The Popcorn Hour A-110 doesn't have this problem. It makes navigating through a file easy by having a 30-second skip key, a proper fast-forward system that accurately shows what part of the file you're watching, and some percentage skip buttons. These are activated by pressing one of the number keys, which put you a corresponding percentage of the way through the file -- for example, button 4 takes you 40 per cent of the way through.
As with all these devices, it's necessary to use some software to share media from your PC with the Wyplayer. Windows Media Player is capable of this task, and we downloaded a trial version of TwonkyMedia to see how it makes the process easier.
The good news is that both work perfectly. We don't especially like the sharing component of Windows Media Player, but it does the job. TwonkyMedia, on the other hand, seems to work pretty much perfectly and is flexible in helping you find the media you need.
The A-110 struggles with music playback. It's not that it can't do it -- it's just that the way it works isn't very compelling. Apple TV, however, handles music perfectly and, because of the iTunes integration, makes pretty much every other hardware solution look pretty silly.
Wyplayer, however, seems to have pulled off something of a coup d'état here. Its music playback is actually excellent. What we like most is the ability to build and save a playlist on the fly. This means that, if you want to set up a party playlist, or just have some background music on while you go about your business, you can. It's not especially complicated, lists can be reordered as you go, and you can add tracks to a 'now playing' list by simply selecting them. The Wyplayer will always ask if you want to add a track to the current playlist, or if you want to start playing it straight away.
We were very pleased with the Wyplayer's ability to display photos. Some test shots from a Canon EOS 500D looked incredibly crisp and detailed on our Pioneer TV. It may sound easy to display photos on a TV, but the truth is that media players rarely do a good job with them. The Wyplayer, however, does.
The only caveat we have concerns the speed with which it renders and loads pictures. Shots from the 500D are around 5MB each, and loading them takes a considerable amount of time. Smaller photos would work much better, and we'd suggest a size lower than 1MB for a faster load time.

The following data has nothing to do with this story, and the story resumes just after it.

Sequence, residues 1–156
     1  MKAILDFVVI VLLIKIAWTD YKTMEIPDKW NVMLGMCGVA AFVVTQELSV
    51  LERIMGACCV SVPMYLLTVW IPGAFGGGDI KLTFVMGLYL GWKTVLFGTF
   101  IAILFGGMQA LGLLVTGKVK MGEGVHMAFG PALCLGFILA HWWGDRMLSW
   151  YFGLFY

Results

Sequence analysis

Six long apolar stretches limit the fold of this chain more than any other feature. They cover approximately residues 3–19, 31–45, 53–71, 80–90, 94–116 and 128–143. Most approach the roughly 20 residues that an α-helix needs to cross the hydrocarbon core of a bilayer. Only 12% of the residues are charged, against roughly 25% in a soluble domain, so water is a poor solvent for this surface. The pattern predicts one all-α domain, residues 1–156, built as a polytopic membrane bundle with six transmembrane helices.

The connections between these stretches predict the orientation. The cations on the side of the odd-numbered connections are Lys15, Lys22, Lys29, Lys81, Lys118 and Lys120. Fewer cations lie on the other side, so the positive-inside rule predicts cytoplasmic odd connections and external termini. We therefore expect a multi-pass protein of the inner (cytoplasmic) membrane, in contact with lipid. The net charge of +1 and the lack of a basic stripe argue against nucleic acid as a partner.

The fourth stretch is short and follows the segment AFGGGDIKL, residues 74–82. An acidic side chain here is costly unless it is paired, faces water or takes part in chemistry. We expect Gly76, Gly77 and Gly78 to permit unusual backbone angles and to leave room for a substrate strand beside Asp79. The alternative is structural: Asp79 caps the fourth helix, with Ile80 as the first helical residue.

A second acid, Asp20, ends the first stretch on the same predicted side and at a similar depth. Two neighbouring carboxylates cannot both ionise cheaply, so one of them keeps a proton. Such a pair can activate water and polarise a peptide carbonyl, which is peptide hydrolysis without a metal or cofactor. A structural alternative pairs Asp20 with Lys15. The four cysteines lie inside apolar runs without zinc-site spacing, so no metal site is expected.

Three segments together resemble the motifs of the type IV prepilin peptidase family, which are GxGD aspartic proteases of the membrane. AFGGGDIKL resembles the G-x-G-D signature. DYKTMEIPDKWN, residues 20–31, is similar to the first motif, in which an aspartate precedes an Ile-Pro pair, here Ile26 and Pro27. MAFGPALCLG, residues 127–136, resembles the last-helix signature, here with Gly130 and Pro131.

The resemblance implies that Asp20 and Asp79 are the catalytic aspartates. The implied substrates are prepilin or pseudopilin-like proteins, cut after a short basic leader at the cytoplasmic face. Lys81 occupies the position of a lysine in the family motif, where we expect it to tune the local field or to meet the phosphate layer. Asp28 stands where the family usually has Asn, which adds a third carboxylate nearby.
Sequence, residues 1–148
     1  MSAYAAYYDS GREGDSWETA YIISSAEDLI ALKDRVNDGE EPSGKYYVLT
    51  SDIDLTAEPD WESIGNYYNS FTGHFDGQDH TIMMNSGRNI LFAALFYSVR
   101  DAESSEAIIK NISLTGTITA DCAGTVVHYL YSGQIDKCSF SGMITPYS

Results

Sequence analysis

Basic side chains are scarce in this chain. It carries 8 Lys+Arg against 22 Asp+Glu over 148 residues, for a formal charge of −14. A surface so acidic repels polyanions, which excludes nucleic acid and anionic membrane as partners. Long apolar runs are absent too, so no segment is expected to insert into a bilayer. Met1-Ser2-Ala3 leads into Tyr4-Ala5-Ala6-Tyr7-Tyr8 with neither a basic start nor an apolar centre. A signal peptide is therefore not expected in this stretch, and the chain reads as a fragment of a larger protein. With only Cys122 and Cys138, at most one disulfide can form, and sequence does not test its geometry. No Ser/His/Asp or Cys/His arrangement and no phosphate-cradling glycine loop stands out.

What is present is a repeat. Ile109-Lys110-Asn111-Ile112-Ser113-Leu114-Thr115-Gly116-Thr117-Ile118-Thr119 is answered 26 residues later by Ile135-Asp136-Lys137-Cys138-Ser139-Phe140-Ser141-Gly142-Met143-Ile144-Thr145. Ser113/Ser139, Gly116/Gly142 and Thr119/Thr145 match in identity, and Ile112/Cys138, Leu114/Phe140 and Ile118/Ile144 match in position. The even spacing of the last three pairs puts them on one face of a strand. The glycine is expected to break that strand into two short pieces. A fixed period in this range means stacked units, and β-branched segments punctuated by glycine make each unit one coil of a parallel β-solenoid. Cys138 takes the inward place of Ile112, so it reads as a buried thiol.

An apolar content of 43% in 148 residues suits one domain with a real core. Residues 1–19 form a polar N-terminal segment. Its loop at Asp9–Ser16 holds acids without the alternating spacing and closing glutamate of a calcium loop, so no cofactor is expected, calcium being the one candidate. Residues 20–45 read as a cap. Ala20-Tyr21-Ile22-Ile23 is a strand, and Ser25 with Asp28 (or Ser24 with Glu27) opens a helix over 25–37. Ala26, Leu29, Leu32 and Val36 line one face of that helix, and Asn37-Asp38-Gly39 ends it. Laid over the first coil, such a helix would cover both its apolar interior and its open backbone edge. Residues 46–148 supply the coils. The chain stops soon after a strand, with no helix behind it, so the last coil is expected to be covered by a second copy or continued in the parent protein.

We tested MKV video at both 720p and 1080p and both played brilliantly. Even from a memory stick we were able to play high data-rate content without any problems. The picture quality is also superb, if slightly softer than the A-110's.
We didn't notice any glitches with playback or any other problems. The sheer number of codecs supported is also a terrific advantage and should make this the ideal device if you have a large amount of video, either shot on camcorders or downloaded. This Wyplayer can pretty much cope with it all, and seems to do so with a great deal of skill.
We love the idea that you can use a media streamer to record live TV in the same way as you would with a PVR. The Wyplayer does a really good job. There's a fully-featured electronic programme guide that allows you to see which programmes are coming up in the near future, and you can also set a manual timed record. This isn't a Freeview+ system, though, so it can't correct over-running shows or late schedule changes.
It is, however, a dual-tuner machine, which means you can watch one channel and record another simultaneously. Because of the processor capabilities, it's not possible to record two channels at once, though. That's a shame but, in practice, it's not a big deal.
The main problem with the TV universe is that it can be painfully slow to respond to your remote-control presses. For example, when you press whichever button it is that brings up the EPG, you might end up waiting 30 seconds for it to appear. This just isn't the same quality experience you get with a regular Freeview PVR.